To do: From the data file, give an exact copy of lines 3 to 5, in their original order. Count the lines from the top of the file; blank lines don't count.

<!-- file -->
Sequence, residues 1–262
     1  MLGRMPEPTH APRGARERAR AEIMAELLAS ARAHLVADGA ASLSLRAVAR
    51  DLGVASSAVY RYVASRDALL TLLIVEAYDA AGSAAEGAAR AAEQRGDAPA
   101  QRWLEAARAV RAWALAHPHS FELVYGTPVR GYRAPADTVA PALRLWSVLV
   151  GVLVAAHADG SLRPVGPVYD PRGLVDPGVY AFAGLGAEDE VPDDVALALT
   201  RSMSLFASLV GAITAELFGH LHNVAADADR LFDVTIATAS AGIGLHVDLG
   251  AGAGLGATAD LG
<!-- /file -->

    51  DLGVASSAVY RYVASRDALL TLLIVEAYDA AGSAAEGAAR AAEQRGDAPA
   101  QRWLEAARAV RAWALAHPHS FELVYGTPVR GYRAPADTVA PALRLWSVLV
   151  GVLVAAHADG SLRPVGPVYD PRGLVDPGVY AFAGLGAEDE VPDDVALALT